Rec Center a powerhouse of music for producer

Published 12:00 am Wednesday, July 30, 2003

FERRIDAY, La. &045; The music permeating from the Ferriday Rec Center is more than teenagers getting together to listen to music &045; it is a full production.

Rydell Turner started his own production company called Powerhouse Entertainment, where he is a manager for three teenage rap groups. Two groups are from Ferriday and one, the newest edition to the group, is from Jonesville.

Turner and the groups meet at the rec center three days a week for an average of four hours per day.

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And it all started about six years ago when his son and three of his friends would sing at schools. It started out as fun, but Bryan Curry said by the time he was in seventh grade, it became serious.

That is when the group performed at Ferriday High School at a talent show. Now Curry will be in eleventh grade and said he does it &uot;just to have fun.

The three groups &045; B Twice, Southern Badboyz and Uptown Thriller &045; have conducted four performances, doing shows at schools for students, two in Ferriday and two in Natchez.

On Aug. 2, they will have their fifth at the Jonesville Recreational Center.

Turner said people just come to him and ask him to help them. He auditions talent but only works with a few groups at a time.

But Turner said he loves producing for the teenagers. For many of them, this is what they really want to do and he is helping them do that.

Lakeith Lewis, the newest member of B Twice, who joined three years ago, loves to rap. It started out as a hobby but now he has gotten serious about it.

Lewis said the group writes their own songs and own beats. Mostly Jeremiah Jones writes the beats, an original member of the group. Jerry Hampton and Christopher Cook round out the group along with Lewis and Curry.

Lewis, a 16-year-old from Ferriday, said he joined the group, &uot;when I found it could be serious and could make me money.&uot;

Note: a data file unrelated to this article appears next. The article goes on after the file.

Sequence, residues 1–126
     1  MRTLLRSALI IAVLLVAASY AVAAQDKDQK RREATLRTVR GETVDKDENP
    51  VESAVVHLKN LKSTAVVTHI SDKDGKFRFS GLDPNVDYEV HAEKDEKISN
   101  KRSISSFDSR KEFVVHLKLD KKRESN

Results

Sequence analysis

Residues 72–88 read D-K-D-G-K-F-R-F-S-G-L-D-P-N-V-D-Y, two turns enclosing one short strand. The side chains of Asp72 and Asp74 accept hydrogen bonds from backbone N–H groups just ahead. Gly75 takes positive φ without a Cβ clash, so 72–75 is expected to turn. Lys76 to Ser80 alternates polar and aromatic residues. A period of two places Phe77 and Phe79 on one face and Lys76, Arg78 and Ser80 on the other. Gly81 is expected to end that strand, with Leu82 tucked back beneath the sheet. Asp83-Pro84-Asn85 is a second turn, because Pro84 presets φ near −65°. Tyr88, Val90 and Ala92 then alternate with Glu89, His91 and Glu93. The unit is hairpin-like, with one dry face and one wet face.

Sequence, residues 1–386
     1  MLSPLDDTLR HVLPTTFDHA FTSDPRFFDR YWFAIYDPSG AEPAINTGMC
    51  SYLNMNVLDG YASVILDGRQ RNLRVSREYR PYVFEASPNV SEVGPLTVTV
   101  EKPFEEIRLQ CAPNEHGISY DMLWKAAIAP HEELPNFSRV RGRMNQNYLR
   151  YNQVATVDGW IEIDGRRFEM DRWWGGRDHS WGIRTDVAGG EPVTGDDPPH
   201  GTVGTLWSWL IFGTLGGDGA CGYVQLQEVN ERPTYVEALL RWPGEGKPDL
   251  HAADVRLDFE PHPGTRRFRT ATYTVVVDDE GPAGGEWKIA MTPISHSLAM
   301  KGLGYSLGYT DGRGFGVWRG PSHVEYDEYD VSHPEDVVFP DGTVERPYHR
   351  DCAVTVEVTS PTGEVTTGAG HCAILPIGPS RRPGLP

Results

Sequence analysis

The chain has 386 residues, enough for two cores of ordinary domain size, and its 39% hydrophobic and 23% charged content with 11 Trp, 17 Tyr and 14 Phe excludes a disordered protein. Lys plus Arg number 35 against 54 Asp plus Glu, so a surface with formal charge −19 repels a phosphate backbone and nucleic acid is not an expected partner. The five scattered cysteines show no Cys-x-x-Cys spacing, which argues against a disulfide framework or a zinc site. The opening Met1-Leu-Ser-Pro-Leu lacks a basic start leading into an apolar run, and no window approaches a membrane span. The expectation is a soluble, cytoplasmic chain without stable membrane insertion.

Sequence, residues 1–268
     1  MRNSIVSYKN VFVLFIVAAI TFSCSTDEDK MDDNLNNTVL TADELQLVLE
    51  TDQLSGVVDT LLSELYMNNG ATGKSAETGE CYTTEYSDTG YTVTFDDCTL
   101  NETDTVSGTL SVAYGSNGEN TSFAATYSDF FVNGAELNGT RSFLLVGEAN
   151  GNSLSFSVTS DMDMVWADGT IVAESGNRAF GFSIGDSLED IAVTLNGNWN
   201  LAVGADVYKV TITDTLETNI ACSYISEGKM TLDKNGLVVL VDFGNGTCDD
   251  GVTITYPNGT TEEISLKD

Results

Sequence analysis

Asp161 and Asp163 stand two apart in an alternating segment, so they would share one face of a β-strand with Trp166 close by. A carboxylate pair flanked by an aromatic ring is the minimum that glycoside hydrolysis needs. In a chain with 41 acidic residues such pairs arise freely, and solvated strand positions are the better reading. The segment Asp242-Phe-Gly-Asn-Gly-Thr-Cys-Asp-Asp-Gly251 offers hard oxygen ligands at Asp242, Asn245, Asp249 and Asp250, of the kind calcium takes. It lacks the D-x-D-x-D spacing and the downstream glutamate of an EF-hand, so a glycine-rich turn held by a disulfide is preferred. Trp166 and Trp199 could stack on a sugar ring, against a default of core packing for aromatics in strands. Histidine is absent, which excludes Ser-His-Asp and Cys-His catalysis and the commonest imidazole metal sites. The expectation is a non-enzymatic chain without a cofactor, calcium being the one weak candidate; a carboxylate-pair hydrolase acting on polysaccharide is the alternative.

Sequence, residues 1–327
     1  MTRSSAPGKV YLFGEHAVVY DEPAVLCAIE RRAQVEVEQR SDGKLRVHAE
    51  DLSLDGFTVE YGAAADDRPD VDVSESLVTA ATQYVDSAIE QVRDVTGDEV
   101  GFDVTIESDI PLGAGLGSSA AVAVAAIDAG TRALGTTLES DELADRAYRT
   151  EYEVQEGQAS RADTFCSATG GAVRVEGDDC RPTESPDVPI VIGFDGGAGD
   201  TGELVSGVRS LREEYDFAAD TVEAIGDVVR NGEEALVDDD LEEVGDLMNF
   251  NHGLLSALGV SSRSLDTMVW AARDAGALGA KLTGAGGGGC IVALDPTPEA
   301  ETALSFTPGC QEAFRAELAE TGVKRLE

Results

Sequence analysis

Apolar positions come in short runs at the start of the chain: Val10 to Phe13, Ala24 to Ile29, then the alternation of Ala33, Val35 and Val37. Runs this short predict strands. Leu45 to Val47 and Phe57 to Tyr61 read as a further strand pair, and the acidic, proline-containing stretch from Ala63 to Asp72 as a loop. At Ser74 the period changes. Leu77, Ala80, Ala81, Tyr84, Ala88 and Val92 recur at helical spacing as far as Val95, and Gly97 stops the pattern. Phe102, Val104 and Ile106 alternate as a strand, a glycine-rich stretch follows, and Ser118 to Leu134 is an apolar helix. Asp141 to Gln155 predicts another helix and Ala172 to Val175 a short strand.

Lewis said if the group makes the progression, he wants to rap after high school.

Lewis said being in the group does make a difference for many of them.

&uot;It gives people something to do besides get in trouble on the corner,&uot; Lewis said.

And Turner knows by encouraging their efforts, he can keep them doing what they love instead of getting into other things.

&uot;Number one reason is to keep them out of trouble,&uot; Turner said. &uot;I can be with them here. Once they are here, I know they aren’t in the streets.&uot;

And not only are these groups getting something out of the Ferriday Rec Center, but others in the community are as well.

Turner said Mayor Glen McGlothin lets them use the gym for their practices but also for dances, or record hops, every other Saturday night, so teenagers in the city have something to do on Saturday night. Sometimes the groups perform at the dances.

The groups, through the money they make at some of their performances, give back to the community.

First of all, they provide entertainment and they do so without profanity or bad language. Also, Turner said when they charge people for their concerts, they give that money back to the community many times, helping some community teams buy uniforms.

Turner said he hopes they learn a lesson from the giving they are doing now.

&uot;I hope we’re setting a guideline for them when they’re making it to give back,&uot; he said.